Saturday, November 16, 2013

Health care that isn't: a frightening medical mystery

Awhile back, Ryn Pitts and I both worked for the same health insurance company. We often talked about writing a book. I haven't; she has. And it's a thriller that's hard to put down. I applaud her accomplishment and am green with envy. In fact, I was greener than the peppers in my scrambled eggs when we met for breakfast at a restaurant not far from the downtown Fargo, N. Dak., loft she shares with her physician husband.

It's fun to learn from somebody's who's done it and Ryn has really done something with Deadly Benefits: a Medical Mystery, published this year by Smashbooks in both print and e-book formats.

Her novel starts in Bangkok, Thailand, in, as Ryn describes it, "a seedy part of town that makes Minnesota ice and snow look good." The mystery moves to Fargo, the epicenter of this fast-moving mystery. Early on, you'll read an electrifying description of a heart-pounding "cardiac event" in the trauma center of a local hospital. She calls it "Swedish Hospital," and some wags have been guessing which Fargo hospital she's referring to. Ryn tells us it's all fiction, but her writing is so realistic one soon forgets that.

As I read about physicians and medical personnel trying to save the life of a young woman, I started praying I was never caught in the picture Ryn paints with tension-filled detail. And about those details: nobody without Ryn's unique background could pen fiction this technically accurate and industry insightful. She puts some of today's critical problems in health care under a microscope. And it's quite scary if you happen to be a patient or a consumer of prescription drugs. And aren't we all?
Ryn Pitts

The reason this book is so dead-on (pardon the pun) is because Ryn has experience as a registered pharmacist, a former hospital and clinic administrator, and a health insurance executive. She has a talent for story-telling, enhanced through serious learning and unvarnished feedback. Ryn told me she belongs to a local writers' group that does not not sugar-coat criticism. "Sometimes I came home from those meetings and wanted to cry. I couldn't look at that manuscript for some time."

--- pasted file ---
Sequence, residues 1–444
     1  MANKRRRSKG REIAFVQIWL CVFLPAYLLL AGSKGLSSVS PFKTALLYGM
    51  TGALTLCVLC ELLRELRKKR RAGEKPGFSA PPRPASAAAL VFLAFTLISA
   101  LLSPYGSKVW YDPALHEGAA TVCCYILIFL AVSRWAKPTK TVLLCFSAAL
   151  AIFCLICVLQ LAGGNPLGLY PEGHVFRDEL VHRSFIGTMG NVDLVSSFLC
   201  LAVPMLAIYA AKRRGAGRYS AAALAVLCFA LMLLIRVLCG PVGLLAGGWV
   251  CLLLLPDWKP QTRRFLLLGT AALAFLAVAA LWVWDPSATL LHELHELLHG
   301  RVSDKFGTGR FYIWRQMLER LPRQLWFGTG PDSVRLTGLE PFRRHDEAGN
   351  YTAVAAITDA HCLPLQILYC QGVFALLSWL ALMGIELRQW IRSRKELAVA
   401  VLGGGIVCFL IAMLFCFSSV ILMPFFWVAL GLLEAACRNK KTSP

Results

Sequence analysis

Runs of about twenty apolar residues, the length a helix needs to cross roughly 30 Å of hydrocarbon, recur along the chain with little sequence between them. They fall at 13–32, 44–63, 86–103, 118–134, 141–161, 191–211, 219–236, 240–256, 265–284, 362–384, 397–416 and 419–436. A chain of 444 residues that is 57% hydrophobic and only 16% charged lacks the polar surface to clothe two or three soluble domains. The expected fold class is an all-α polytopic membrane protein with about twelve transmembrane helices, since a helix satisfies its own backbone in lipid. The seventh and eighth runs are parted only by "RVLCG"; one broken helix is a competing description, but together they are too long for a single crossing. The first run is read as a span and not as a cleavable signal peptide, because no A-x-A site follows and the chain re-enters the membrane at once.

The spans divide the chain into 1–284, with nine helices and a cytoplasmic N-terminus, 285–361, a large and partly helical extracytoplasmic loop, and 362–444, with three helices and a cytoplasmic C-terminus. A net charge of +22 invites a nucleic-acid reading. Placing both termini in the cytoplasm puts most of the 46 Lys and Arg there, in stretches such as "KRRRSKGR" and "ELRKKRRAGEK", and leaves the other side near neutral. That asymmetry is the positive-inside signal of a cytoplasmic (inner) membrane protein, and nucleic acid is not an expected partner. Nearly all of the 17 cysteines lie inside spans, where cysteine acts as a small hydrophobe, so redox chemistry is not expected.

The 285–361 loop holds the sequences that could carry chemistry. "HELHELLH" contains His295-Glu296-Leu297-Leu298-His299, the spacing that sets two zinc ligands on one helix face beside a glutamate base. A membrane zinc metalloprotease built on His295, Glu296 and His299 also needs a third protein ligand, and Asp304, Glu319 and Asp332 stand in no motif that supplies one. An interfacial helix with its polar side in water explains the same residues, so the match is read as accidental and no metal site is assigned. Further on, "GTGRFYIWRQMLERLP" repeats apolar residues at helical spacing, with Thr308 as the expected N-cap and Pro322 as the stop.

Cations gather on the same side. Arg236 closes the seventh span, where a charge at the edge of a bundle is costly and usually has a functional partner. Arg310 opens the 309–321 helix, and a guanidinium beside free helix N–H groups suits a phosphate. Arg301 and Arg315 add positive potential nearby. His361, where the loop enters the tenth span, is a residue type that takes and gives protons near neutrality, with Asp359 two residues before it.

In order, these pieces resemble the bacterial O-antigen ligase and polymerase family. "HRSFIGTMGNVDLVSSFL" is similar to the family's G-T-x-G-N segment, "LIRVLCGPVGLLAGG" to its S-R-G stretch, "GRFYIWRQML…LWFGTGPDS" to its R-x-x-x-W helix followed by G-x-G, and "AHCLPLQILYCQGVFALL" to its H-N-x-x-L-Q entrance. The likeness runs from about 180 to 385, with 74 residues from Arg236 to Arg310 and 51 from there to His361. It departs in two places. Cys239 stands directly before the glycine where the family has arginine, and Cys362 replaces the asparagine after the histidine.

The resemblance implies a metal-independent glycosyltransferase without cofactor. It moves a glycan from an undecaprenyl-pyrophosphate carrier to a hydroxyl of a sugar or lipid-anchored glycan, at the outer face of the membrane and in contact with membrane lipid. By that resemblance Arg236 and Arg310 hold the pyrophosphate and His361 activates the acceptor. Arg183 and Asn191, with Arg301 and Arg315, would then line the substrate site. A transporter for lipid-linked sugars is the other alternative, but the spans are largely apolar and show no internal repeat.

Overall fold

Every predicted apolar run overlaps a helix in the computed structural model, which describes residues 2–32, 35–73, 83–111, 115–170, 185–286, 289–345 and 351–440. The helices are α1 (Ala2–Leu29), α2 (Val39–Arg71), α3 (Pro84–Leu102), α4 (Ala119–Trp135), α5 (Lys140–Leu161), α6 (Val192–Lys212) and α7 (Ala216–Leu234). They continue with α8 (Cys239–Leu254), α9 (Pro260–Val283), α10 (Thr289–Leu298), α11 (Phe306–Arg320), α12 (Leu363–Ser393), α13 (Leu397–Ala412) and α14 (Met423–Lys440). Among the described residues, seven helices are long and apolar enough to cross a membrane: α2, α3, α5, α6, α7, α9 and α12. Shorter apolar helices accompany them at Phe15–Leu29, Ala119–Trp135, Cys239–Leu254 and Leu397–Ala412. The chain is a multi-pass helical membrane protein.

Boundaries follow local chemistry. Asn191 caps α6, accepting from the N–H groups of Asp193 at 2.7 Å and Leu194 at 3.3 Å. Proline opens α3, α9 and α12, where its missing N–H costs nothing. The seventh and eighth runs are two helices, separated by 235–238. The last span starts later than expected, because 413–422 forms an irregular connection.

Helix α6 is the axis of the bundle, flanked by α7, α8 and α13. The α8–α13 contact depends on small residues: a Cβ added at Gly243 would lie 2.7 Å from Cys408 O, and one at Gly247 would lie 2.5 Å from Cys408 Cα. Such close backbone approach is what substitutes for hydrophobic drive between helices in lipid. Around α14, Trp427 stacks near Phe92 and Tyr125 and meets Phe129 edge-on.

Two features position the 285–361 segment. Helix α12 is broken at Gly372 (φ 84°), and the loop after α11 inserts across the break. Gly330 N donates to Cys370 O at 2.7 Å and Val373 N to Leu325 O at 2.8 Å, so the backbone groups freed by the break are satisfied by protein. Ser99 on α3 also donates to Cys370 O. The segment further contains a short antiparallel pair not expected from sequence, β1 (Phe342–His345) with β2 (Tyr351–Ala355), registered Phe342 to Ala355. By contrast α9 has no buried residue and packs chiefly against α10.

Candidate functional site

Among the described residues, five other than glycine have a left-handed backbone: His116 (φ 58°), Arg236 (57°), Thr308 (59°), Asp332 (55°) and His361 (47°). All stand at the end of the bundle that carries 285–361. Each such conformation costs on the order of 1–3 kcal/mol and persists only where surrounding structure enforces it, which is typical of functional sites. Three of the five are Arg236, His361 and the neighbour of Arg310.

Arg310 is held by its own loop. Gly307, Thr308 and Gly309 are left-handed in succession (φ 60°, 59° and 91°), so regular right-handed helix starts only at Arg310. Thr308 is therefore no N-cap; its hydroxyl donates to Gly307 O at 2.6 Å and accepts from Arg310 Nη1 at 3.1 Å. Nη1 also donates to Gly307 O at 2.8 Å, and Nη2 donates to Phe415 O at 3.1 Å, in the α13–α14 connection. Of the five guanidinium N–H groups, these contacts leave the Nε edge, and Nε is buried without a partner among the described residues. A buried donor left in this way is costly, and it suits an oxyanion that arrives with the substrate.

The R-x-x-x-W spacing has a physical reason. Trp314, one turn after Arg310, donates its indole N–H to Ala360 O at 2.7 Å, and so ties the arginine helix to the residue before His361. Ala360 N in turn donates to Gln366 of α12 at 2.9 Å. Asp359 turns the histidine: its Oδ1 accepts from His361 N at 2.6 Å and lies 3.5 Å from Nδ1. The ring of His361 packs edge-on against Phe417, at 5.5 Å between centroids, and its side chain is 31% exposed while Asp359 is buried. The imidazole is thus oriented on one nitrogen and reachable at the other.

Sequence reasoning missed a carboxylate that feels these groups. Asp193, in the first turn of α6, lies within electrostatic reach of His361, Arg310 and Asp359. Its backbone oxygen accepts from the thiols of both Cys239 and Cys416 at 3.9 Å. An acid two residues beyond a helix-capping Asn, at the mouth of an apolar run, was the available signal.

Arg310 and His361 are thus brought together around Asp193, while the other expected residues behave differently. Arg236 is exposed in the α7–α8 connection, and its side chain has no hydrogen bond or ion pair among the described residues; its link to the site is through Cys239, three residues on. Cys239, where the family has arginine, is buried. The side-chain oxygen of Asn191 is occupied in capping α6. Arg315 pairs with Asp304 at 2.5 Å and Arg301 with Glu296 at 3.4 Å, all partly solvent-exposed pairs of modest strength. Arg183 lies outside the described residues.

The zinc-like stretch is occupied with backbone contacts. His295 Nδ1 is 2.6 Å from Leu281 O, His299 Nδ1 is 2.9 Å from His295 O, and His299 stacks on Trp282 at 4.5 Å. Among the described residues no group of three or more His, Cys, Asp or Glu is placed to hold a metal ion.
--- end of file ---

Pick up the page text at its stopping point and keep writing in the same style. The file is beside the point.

But she did get back to work and created what would become her debut novel. I'm glad she did. Ryn has produced a fascinating read, but with some important and very real insights into health care delivery and financing. It's a thriller you do not want to miss.

TO GET THE BOOK:  The e-book version sells for $3.99 and is available from "Smashwords" by clicking here. You can download for the Amazon Kindle (as I did) and for the Nook, iPAD, and other e-readers. For the Kindle, I bought the version for that device, downloaded it to my PC desktop, and then plugged-in my Kindle via USB cable. This allowed me to "slide" the book file over to the "documents" folder on the Kindle. Worked beautifully! For other e-readers, follow whatever you do to get "e-pubs" onto your device. Paper copies of the book are also available from by click on this link.

Print formatted books are also available locally (in Fargo-Moorhead) at Zandbroz  (where it was named the "best seller of the summer"), Stabo in West Acres, the Hjemkomst Gift Center in Moorhead, the Sanford Hospital Gift Shop and at other lakes' country and area bookstores. Deadly Benefits is also available through the Fargo Stuff website.